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What Should I Do About Cuts, Scrapes, and Bites?

Medically Reviewed by Poonam Sachdev on October 01, 2021

Cuts and scrapes are going to happen, no matter how careful you are.  Most times, they aren’t too serious. But when they are, it’s important to know how to treat them yourself or whether you need to go to the doctor.

Call 911 if:

  • A cut is bleeding severely
  • Blood is spurting out
  • Bleeding can't be stopped after 10 minutes of firm and steady pressure

In general, a cut that needs stitches should be repaired within 6 hours of the injury. The exception is cuts to the face and scalp, which generally can be repaired up to 24 hours after the injury.

Take the following steps for minor cuts and lacerations.

1. Stop the Bleeding

  • Apply direct pressure on the area.

2. Clean and Protect

  • Clean the area with warm water and gentle soap.
  • Apply an antibiotic ointment to reduce the chance of infection.
  • Put a sterile bandage on the area. In some people, antibiotic ointments may cause a rash. If this happens, stop using the ointment.

 

3. Call a Doctor

Call a doctor if:

  • The cut is deep or over a joint
  • You cannot get the cut or laceration clean
  • The injury is a deep puncture wound or the person has not had a recent (within the last 5 to 10 years) tetanus shot or booster
  • The cut is from a human or animal bite

4. Follow Up

  • For a minor cut or laceration, remove bandage after a couple of days to promote healing.
  • See a doctor if the cut doesn't heal or shows signs of infection, including redness, swelling, pus, or excessive pain.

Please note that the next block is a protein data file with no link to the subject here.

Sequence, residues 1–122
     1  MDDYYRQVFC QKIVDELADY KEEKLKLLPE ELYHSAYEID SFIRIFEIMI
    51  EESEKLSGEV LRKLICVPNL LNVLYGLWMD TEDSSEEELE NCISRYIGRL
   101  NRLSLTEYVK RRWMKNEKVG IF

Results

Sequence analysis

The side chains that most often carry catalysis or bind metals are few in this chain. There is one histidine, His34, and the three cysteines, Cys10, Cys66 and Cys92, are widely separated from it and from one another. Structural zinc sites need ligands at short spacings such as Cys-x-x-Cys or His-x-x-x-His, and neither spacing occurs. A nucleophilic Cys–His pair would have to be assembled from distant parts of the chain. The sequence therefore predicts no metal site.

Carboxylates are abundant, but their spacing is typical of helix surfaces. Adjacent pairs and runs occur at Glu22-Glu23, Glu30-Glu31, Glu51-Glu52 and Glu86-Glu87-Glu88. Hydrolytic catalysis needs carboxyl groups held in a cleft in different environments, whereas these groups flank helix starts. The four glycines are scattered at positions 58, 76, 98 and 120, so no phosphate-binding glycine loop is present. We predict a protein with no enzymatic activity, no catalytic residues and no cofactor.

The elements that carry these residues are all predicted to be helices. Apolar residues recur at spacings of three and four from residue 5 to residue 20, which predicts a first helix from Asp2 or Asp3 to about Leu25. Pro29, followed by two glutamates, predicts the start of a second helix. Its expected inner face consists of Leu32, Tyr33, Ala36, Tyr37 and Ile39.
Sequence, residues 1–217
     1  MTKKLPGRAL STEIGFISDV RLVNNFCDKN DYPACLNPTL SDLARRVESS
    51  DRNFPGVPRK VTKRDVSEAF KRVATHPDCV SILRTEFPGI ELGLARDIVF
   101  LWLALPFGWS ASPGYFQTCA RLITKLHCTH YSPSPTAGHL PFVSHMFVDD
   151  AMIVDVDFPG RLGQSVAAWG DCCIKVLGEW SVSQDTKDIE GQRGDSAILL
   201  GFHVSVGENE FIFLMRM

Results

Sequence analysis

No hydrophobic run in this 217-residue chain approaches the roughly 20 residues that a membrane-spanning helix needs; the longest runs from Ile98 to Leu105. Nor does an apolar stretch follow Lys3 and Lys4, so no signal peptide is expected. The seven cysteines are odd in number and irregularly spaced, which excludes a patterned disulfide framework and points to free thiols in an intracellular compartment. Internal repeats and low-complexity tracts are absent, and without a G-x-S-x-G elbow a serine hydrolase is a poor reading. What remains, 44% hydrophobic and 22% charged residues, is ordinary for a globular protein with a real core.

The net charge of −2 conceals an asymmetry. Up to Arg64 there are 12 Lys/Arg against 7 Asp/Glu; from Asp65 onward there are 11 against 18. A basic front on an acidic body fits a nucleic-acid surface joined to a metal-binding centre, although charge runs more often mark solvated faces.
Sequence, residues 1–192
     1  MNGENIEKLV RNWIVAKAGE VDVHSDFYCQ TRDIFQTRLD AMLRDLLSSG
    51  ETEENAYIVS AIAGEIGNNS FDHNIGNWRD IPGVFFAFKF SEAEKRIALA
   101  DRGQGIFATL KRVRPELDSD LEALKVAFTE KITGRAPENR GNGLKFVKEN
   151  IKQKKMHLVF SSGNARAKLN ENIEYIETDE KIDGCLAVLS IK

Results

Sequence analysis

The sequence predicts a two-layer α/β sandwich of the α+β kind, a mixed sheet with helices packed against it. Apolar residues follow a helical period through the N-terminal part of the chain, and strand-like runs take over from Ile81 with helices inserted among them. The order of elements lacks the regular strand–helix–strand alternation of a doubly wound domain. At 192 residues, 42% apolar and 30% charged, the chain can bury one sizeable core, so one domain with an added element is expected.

Steps to take care of animal or human bites are similar to what is suggested for cuts and scrapes. But you should be aware that bite injuries can be serious.

Call 911 if:

  • The person has been badly wounded by the bite.
  • The wound will not stop bleeding after 10 minutes of firm, steady pressure.
  • Blood spurts from the wound.

1. Stop the Bleeding

  • Apply firm, direct pressure with sterile gauze or clean cloth until bleeding stops.

2. Clean and Protect

For a superficial scratch or wound from a bite:

  • Clean the wound with mild soap and water. Rinse for several minutes under running water.
  • Apply antibiotic ointment to prevent infection.
  • Cover the wound with gauze or a bandage.

3. Get Medical Help

  • See a doctor about any human bite that has broken the skin. There is a high risk of infection. Signs of infection include redness, pain, swelling, or pus.
  • Tell the doctor if you have stiffness or numbness in the area or you can’t move. There may be damage to tendons or nerves.
  • Get medical help immediately for any animal bite that is more than a superficial scratch or if the animal was a wild animal or stray. It doesn’t matter if the injury doesn’t seem that serious. The risk of infection is high.
  • If the animal's owner is available, find out whether the animal's rabies shots are up to date. Give this information to your doctor.
  • If the animal was a stray or wild animal, call the local health department or animal control immediately.

4. Follow Up

  • Your doctor will make sure the wound is thoroughly clean.
  • They may numb the wound and look for any deeper damage.
  • If there is any risk of rabies infection from the animal bite, your doctor will suggest anti-rabies treatment.
  • You may need stitches depending on how big the wound is and where it is.
  • You may also need a tetanus shot or booster.
  • Your doctor may prescribe antibiotics.
  • They also may suggest acetaminophen or ibuprofen for pain.
WebMD Medical Reference

Sources

SOURCES:

Medline Plus: "Cuts and puncture wounds."

American College of Emergency Physicians Foundation: "Cuts and abrasions."

University of Maryland Medical Center: "First Aid: Animal Bites and Rabies."

KidsHealth.org: "Animal Bites."

FamilyDoctor.org: "Cat and Dog Bites."

Louisiana State University School of Veterinary Medicine: "What You Should Know About Animal Bites."

American Society for Surgery of the Hand: "Animal Bites."

American Academy of Orthopaedic Surgeons: "Human Bites."

American Association of Hand Surgery: "Human Bites."

Children's Hospital of Pittsburgh: "Treatment for Human Bites."

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